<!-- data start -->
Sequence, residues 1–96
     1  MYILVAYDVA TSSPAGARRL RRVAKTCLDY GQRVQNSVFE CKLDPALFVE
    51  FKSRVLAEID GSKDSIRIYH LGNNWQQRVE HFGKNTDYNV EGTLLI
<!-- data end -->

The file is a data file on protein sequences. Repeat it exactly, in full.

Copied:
Sequence, residues 1–96
     1  MYILVAYDVA TSSPAGARRL RRVAKTCLDY GQRVQNSVFE CKLDPALFVE
    51  FKSRVLAEID GSKDSIRIYH LGNNWQQRVE HFGKNTDYNV EGTLLI